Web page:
The Social Welfare Agency in Italy is not what it seems. Yes, it rescues young girls who have been brutalized, but it then brainwashes them and turns them into ruthless killers for an elite and secret counter-terrorism unit for the Italian government.
Enter a young girl named Henrietta. After witnessing the savage murder of her family and barely surviving, the Agency takes her in and repairs her injuries using the latest in cybernetic technology. All traces of Henrietta’s past are wiped from her mind, as she becomes one of the Agency’s most lethal assassins.
When this was first licensed way back by ADV i sat on the fence, something about young girls being used as assassin cyborgs didn’t really sit with me well. Then when i finally got around to wanting it ADV went out of business and the series was left incomplete. So when Seven Seas picked it up again i had a new chance. I picked up the volumes as they were released, but due to circumstances hadn’t gotten around to reading them.
Sat down today and read the lot all together and i have to say it really did grab me, the art was amazing, but the story was mind blowing. There’s certainly plenty of action for those that want that aspect, but for me it was the interactions between the characters and especially those of the girls that really grabbed me. There was a lot of story about how they developed, personality wise, and i found that to be some of the best story in the series. Especially later on when Petrushka arrived, since this brought a new dynamic into the mix.
The other thing about GSG that makes it unique is that there are no set heroes or heroines, rather the series focuses on an entire agency; with a large number of characters. When i first saw this I have to admit to being concerned. How could you tell a good story if your going to be character hopping a lot. Aida however does this really well, the way he moves fluidly from girl to girl works really well. Each part of the story is neatly wrapped up or clearly tied into the next section of story. I found this to be very fluid and easy to get used to. It felt more like watching a life story unfold rather than reading a story.
As the volumes progress we get to see more and more development between the girls and their handlers. Some coming to see them as nothing but tools, others as girls, and some as something else. I loved this aspect, as it brought the girls to life, made them see more real. For me this was a big thing, since the whole point was that they looked like young girls rather than machines.
As a result I grew attached to certain girls and was a little upset when they died or got seriously injured, and yeah, i did cry when Angelica died. Aida pulled those scenes off superbly, he managed to draw out my emotions perfectly.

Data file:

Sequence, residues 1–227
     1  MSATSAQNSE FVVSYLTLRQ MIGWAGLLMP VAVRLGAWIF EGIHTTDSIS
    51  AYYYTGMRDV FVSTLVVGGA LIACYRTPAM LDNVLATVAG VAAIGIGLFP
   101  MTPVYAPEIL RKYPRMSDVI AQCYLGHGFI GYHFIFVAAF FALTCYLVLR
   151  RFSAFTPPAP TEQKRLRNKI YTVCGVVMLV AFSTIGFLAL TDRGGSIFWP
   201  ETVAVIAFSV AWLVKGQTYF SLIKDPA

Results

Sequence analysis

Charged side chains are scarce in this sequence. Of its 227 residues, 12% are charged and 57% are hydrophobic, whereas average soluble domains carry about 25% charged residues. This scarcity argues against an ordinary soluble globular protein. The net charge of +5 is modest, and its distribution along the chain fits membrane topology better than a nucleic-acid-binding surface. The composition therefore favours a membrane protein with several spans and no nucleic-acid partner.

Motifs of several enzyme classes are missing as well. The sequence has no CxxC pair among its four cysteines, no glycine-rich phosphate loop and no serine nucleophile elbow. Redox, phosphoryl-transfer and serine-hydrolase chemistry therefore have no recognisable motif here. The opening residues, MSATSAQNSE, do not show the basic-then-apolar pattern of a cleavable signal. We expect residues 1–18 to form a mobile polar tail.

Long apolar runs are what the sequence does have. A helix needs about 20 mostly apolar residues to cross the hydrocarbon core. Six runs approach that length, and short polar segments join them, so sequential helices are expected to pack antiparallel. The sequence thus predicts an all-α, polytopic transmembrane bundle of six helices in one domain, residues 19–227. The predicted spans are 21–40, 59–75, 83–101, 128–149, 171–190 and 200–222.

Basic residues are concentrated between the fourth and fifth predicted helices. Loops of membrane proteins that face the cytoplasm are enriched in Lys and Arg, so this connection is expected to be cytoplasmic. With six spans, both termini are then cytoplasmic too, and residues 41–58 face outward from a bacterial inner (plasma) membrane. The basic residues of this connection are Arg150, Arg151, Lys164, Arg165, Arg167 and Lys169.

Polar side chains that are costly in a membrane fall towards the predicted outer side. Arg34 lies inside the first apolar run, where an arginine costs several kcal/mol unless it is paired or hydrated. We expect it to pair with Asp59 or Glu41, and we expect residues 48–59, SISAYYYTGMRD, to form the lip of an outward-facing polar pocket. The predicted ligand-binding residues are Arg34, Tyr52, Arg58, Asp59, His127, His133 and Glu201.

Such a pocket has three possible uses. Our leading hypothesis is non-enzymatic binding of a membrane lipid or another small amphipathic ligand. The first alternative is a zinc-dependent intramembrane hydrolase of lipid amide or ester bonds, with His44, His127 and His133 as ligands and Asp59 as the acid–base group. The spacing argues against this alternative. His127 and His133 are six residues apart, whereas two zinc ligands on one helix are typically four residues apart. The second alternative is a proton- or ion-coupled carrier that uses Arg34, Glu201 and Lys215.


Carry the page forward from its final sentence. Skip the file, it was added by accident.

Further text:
Later in the series we get to see some real issues with the girls though, and these are again done perfectly. What i liked especially was that the line drawn through out the series suddenly gets thrown out the window when the 2nd generation arrives. We see them start to fall in love with their handlers, and start to have emotions beyond those that were programed into them. This brought a new dynamic into the series, it was no longer just about looking after the girls, now the handlers had to deal with the girls loving them as well.
For me though, my favourite girl will always be Angelica, watching her degrade, and then the way she ignored her programing to save her handler, Marco, and her final days were just heart wrenching. The way Aida brought all the characters together, how and why they were so fond of Angelica, and how her death effects them, was frankly AWESOME. The story is unique and intriguing, it has a sort of James Bond mixed with Battle Angel Alita mixed into it, giving an interesting twist on the war on terrorism.
Art wise, I can’t complain either. I don’t think i found a single piece of art i didn’t like. The girls are all distinct and good to look at. The guys have a good level of design to them as well making for a nice change from some releases I’ve read of late. The settings however are amazingly well drawn, a lot of detail in the outside areas, especially those of Rome and Italy. I loved the cover designs of the volumes, though they weren’t as indicative of the volumes contents as covers usually are.
This was a rescue by Seven Seas Entertainment, and they did an awesome job with the releases, though with a questionable choice on the releases, which I’ll get to in a few. The translation and editing for this release are pretty damn good, they give you all the Italian names with side translations to what they are. The extras consist of the original covers (black and white only sadly) and maps of the settings used in the volume.
The only issue i have really is with the way they actually released the volumes. the first two released were trilogy compilations, 1-3 and 4-6. However after this they went to dual omnibus releases: 7-8, 9-10, 11-12, 13-14. Also this is another concern i have, the final volume of the series is missing from their site, with no release date offered. This is something I’ve seen in another series (Hayate x Blade), where for what ever reason they didn’t release subsequent volumes. though apparently it sold well enough to rerelease the original volumes as omnibus editions.
Hopefully they won’t leave us hanging with the final volume of Gunslinger Girl, since doing so will hurt their image, and make fans reluctant to pick up new series for fear they’ll just be abandoned. Tokyopop had an huge habit of doing this, and as a result a lot of people stopped buying their releases until they were fully released